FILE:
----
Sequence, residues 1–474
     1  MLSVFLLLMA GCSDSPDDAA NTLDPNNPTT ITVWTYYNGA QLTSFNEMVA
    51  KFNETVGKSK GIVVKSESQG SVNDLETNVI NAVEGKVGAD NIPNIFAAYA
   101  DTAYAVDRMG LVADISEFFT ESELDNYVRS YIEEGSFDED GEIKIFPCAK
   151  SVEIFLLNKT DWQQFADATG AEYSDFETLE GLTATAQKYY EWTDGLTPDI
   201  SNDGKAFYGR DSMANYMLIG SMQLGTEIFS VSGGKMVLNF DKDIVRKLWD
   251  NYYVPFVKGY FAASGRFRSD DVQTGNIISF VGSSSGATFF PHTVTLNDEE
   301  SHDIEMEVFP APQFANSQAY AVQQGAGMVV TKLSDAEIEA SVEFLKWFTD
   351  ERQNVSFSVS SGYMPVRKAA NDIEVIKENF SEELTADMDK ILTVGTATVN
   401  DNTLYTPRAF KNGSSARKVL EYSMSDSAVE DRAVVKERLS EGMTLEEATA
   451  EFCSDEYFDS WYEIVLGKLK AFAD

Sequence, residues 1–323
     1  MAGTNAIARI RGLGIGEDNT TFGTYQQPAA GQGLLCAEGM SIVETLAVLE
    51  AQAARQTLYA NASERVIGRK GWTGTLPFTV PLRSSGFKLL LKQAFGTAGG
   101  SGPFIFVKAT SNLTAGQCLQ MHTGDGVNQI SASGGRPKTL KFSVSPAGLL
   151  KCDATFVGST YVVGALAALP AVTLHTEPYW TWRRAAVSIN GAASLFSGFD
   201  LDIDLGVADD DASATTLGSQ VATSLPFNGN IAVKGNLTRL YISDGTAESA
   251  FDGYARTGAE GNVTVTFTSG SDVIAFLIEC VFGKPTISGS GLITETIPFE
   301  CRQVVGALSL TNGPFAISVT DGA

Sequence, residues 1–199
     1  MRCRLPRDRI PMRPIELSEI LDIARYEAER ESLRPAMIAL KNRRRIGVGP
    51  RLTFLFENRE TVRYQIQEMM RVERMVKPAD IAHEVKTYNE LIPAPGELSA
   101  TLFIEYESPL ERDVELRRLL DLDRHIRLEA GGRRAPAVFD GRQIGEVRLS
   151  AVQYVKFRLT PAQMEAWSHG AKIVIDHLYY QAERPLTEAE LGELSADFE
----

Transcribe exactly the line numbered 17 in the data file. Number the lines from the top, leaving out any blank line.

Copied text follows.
   201  LDIDLGVADD DASATTLGSQ VATSLPFNGN IAVKGNLTRL YISDGTAESA